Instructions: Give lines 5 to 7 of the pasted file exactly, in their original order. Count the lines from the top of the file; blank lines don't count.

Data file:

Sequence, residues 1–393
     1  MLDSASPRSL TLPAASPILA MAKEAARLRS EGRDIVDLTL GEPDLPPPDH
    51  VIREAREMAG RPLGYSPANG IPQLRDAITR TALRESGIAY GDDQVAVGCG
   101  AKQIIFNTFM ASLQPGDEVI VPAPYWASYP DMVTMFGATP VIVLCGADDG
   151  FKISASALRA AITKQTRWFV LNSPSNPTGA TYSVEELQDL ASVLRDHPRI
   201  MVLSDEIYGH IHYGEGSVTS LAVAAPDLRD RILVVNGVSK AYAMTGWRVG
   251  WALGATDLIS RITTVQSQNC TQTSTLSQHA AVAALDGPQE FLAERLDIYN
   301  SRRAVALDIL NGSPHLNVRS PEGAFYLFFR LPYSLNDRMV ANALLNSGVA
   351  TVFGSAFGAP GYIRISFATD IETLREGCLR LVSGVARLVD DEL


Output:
   151  FKISASALRA AITKQTRWFV LNSPSNPTGA TYSVEELQDL ASVLRDHPRI
   201  MVLSDEIYGH IHYGEGSVTS LAVAAPDLRD RILVVNGVSK AYAMTGWRVG
   251  WALGATDLIS RITTVQSQNC TQTSTLSQHA AVAALDGPQE FLAERLDIYN